Before the 2008 financial meltdown, The Federal Reserve contributed to manipulating interest rates and distorting the true value of the dollar. In 2010, regulations such as the Dodd-Frank Act and the Volcker Rule were implemented to limit corruption inside the Fed and prevent such crises from happening again. But this September, Carmen Segarra uncovered forty-six hours of secretly recorded audiotapes revealing that the Fed is not necessarily enforcing these ethical reforms.
Segarra was hired in wake of the financial crisis as a confident and independent-minded bank examiner– someone who could help lead the Fed to an honorable recovery. However, not long after working with Goldman Sachs, Segarra began to face corrupt business interaction. The biggest eye-opener for Segarra occurred when a Goldman employee stated that if, “clients are wealthy enough, certain consumer laws don’t apply to them”. When Segarra followed up on such disreputable statements, her colleagues negated the claims and encouraged Segarra to look the other way. This prompted Segarra to begin secretly recording private meetings and negotiations inside the Fed. Segarra was fired after seven months and is currently suing the Fed for wrongful termination. Her released recordings demonstrate the Fed’s reluctance to challenge the firms they regulate, resistance to new ideas, susceptibility to corruption, and prevalence of regulatory capture in lieu of the Dodd-Frank reform.
Instead of embracing new and improved corporate principles, the Fed continues to tolerate blow-through ethics and act under segregation of knowledge and isolation of victims. Rather than attending to Segarra’s ethical apprehensions, the Fed strategically concealed specific aspects of deals, and purposefully suppressed shady contracts from the American public. The Fed also manipulated the frame of the situation, claiming that Segarra’s termination was “based entirely on performance grounds, not because she raised concerns as a member of an examination team about any institution.” The Fed could take on a utilitarian ethical approach in their business practices, and think about how the consequences of their actions could benefit the American public, the cutthroat, money-driven corporate culture of the Federal Reserve is quite oppressive to change.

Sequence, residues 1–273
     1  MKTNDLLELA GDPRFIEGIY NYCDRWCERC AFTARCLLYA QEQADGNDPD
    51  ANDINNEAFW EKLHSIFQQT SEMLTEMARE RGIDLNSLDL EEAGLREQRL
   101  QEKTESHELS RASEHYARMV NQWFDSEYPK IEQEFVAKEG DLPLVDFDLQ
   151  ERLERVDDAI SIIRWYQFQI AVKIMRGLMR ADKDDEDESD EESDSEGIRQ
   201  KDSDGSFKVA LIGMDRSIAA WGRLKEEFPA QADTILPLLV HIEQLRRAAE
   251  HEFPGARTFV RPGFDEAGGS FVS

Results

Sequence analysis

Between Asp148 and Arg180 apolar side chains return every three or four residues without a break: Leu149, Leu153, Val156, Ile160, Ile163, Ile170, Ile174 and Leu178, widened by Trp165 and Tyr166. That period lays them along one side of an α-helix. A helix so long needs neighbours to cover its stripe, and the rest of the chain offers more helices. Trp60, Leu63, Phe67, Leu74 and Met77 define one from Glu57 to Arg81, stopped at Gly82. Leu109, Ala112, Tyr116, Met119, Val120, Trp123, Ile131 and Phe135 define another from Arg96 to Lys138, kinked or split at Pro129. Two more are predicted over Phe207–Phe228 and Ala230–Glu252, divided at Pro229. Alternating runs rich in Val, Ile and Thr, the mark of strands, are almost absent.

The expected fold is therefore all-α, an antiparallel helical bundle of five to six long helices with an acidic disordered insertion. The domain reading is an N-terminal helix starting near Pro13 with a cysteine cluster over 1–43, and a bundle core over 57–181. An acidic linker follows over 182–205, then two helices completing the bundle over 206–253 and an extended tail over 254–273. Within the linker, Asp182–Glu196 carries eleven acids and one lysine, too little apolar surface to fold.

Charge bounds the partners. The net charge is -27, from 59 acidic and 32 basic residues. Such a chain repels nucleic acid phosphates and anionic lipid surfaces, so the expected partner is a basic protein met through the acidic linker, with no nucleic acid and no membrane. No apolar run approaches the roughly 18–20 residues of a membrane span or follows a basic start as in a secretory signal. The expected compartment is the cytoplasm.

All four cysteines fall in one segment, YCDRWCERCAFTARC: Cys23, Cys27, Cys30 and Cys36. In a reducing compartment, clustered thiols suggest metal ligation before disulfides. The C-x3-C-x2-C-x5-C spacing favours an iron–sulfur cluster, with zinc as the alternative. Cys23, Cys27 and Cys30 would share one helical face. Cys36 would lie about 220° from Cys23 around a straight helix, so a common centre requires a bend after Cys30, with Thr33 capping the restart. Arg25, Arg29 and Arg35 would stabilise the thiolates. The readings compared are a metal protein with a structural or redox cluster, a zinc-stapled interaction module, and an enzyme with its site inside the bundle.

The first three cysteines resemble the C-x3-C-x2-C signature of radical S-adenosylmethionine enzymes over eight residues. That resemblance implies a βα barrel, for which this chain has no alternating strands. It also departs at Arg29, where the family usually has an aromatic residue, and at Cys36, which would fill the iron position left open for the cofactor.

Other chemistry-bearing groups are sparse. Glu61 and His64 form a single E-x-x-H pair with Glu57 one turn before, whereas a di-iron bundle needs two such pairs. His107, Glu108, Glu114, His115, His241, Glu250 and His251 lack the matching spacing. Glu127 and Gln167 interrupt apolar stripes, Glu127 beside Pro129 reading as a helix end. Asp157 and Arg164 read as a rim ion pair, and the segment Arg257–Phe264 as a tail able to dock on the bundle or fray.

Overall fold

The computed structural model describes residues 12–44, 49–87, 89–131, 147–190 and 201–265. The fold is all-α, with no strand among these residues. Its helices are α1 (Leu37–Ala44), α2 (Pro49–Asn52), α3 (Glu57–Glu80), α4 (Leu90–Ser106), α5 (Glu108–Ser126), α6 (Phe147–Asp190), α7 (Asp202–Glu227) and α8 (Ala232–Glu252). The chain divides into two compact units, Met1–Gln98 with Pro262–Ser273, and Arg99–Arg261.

To prevent this from happening in the future, more regulation is not the answer. Though reforms like the Dodd-Frank legislation may seem ethically sound, the implementation of such laws are nearly impossible to quantify. To improve corruption within the Fed a method of certification must be utilized to verify that the agency is working in the best interest of the American public, rather than working to benefit the banking industries they regulate. For this to be accomplished, the Fed should employ regular survey reports that raise questions concerning the ethics within the agency. The Fed should then act on the feedback they receive from their employees’ assertions. Assuming that the majority of the Fed’s workforce is not completely immoral, this could eventually help decrease demoralization in the Fed.
This American Life. “The Secret Recordings of Carmen Segarra.” 536: The Secret Recordings of Carmen Segarra (n.d.): n. pag. Thisamericanlife.com. Chicago Public Media, 26 Sept. 2014. Web. 11 Nov. 2014.
Baer, Justin, and Pedro Da Costa. “Internal Review Was Critical of New York Fed’s Culture.” The Wall Street Journal. Dow Jones & Company, 26 Sept. 2014. Web. 11 Nov. 2014.
“Regulatory Capture 101.” The Wall Street Journal. Dow Jones & Company, 26 Sept. 2014. Web. 12 Nov. 2014.
“The Federal Reserve Deserves Blame For The Financial Crisis.” Forbes. Forbes Magazine, 6 July 2011. Web. 11 Nov. 2014.